The tranquil setting was marred by techno music blasting out of the café’s speakers but you should be able to find somewhere out of earshot if you choose to bring a picnic up here or simply take a walk in the woods.

The car park under the statue of St. Pio offers spectacular views and appears to be a popular make out spot.

Guimarães hotels and guesthouses

You could spend the night up in Penha park at the beautiful former 12th century monastery, Pousada Mosteiro de Guimarães with its magnificent azulejo panels and chestnut ceilings. Check availability and prices.

If you’d rather be in the city centre, you can’t get much closer to the action than in the 4-star Hotel da Oliveira in the aforementioned medieval square of Largo da Oliveira. The thick granite walls of the historical building contain comfortable modern rooms. Choose a room to suit

The first time I visited Guimarães, I stayed at the wonderful Casa de Sezim. It’s a few kilometres outside the city but worth the additional journey for the historical charm of a manor house that’s been in the same family since the 14th century. See more photos and check availability.

Series of living rooms, Casa de Sezim, Guimaraes Portugal
Series of living rooms, Casa de Sezim, Guimarães

There are plenty of other accommodation options to choose from.

Day trips and guided tours to Guimarães

You can discover the secrets of both Guimaraes and the lovely city of Braga on this full day small group tour which includes entrance to four of the key monuments.

If you’re a little short on time you may prefer this half day private tour.

Alternatively, you could try this Braga and Guimarães full day Private Tour.

For a DIY day trip from Porto, the Porto to Guimaraes train takes around 75 minutes (leaving from either Sao Bento or Campanha station) or travelling by car takes 45 minutes.

Where to eat and drink in Guimarães

If you’re not in a hurry and like organic vegetarian food, Cor de Tangerina is your best bet.

Opposite the Ducal Palace there’s a white building with a craft/souvenir shop on the ground floor. Go upstairs and you’ll find a quirky arty lounge bar cum restaurant and a pretty garden eating area.

Open for lunch and dinner every day except Sunday evening and all day Monday. Largo Martins Sarmento 1, Tel: 253 542 009.

Stuffed mushroom, Cor de Tangerina, Guimarães
Stuffed mushroom, Cor de Tangerina, Guimarães

For a reasonably priced hearty lunch with locals in a no-frills traditional restaurant, try Mumadoma, Rua Serpa Pinto 260, Tel: 253416111.

You’ll find more elegant, beautifully presented cuisine at Le Babachris. Menus are fixed and space is limited so best book a table as it’s justifiably popular. Rua Dom João, 39, Tel: 964420548.

Satisfy your sweet tooth with a cake or ice cream in Spirito Cupcake’s garden or bright, stylish interior. Open daily from 1pm to 7.30pm at Rua de Santo Antonio, 125A.

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Things to do in Guimaraes Portugal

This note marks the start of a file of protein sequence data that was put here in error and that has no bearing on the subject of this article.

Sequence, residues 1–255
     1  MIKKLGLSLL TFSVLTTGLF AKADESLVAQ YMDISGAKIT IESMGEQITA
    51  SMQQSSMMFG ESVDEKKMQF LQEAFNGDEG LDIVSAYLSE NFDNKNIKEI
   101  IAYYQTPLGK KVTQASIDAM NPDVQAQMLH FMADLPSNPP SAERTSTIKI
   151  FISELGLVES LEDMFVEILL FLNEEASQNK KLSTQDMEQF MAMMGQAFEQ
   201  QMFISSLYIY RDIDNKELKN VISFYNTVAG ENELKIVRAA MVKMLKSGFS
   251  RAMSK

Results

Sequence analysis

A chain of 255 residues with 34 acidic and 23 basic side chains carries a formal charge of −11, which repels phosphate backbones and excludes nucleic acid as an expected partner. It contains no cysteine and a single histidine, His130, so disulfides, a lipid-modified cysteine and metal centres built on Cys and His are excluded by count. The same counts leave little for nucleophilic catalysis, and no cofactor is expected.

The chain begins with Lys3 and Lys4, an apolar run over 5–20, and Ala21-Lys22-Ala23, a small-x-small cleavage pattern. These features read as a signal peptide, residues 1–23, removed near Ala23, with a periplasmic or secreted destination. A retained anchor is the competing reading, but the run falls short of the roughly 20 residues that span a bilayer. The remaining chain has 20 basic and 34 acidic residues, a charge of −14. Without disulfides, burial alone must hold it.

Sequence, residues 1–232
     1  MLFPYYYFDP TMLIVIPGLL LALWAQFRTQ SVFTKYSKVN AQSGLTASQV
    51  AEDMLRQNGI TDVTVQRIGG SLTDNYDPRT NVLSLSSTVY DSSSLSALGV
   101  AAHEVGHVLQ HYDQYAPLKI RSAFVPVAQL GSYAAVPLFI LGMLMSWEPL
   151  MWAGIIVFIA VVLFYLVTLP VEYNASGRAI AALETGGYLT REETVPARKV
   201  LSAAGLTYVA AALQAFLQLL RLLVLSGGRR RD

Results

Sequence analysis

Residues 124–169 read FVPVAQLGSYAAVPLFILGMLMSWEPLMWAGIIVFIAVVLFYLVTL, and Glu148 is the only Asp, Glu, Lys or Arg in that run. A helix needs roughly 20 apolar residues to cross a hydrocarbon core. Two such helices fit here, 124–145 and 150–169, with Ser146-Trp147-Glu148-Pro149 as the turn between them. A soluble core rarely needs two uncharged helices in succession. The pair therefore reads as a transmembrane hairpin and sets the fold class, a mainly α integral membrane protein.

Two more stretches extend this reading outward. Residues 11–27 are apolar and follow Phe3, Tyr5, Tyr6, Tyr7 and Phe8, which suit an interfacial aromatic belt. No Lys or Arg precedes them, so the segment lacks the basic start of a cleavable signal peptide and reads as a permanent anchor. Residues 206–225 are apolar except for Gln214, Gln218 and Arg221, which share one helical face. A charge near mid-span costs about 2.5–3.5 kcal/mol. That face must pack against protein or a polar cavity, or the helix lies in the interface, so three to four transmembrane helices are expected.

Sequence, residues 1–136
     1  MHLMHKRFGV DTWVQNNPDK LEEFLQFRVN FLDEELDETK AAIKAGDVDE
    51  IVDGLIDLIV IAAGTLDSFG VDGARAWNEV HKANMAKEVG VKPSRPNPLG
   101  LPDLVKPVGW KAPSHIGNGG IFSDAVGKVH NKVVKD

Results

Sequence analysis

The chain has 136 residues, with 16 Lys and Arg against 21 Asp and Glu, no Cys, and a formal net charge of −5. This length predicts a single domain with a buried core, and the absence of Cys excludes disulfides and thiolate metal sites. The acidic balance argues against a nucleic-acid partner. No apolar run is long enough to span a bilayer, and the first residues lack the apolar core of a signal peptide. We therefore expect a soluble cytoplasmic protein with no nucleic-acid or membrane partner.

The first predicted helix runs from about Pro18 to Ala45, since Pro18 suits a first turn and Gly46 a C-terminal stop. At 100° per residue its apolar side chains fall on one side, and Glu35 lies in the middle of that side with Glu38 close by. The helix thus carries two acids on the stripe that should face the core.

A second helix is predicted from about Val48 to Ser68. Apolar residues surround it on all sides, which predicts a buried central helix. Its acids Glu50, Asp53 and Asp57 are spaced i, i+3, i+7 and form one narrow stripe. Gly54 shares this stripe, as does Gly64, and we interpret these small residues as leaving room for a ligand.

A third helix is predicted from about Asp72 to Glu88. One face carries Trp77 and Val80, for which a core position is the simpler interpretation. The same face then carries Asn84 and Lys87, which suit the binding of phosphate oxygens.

Things to do in Guimaraes Portugal


  1. Hi! I’m planning my trip to Portugal and I’m using your blog – lots of great info! If only I may give two suggestions…
    It would be nice if you give Portuguese names of the places (Google not always can find English variants :)… Also some places permanently closed (according to Google), like Spirito Cupcake.
    Thanks for the info!

  2. We just stayed in the Pousada and ate out in Mumadoma, as you suggested. Both were the highlights of our weekend in the North!
    In the Pousada you can feel like an ancient nobleman and Mumadoma is abolutely right for “a reasonably priced hearty lunch with locals in a no-frills traditional restaurant”, as you said. We loved it! Our suggestion for two: One each of the two house varieties of codfish (but only “meia dose”, otherwise you can not cope, especially after the very recommendable variation of starters) washed down with a bottle of vino verde from the local co-op. A great night out – enjoy!
    Doris and Friedrich from Germany, first week of February 2016

  3. Glad to hear about Guimaraeas, where my grandmother was born, she is a de Oliveira and on my next trip I want to sit at that plaza and see if I get goosebumps like I do when I visit Foz do Arelho where I was born.

    1. Author

      Hi Dolores, I love it when that happens and I hope it does for you in Guimarães – such a special feeling to be close to your roots or something that really touches you.

  4. Hi Julie, If you are exceptionally lucky – as I was four or five years ago – you might find an elegant woman being given a scarlet carnation by a dapper old gentleman as they drank their morning coffee in the Largo da Oliveira and then be treated to traditional music and dancing. It was April but I had forgotten the date. We had arrived to find the festivities commemorating the carnation revolution. Only in courteous Portugal would you have such a gentle revolution after a very repressive dictatorship. For me this was a very special day in Guimaraes

    1. Author

      What a wonderful experience, Margaret! I wasn’t that lucky but I’m glad you were – you’ll never forget it, that’s for sure.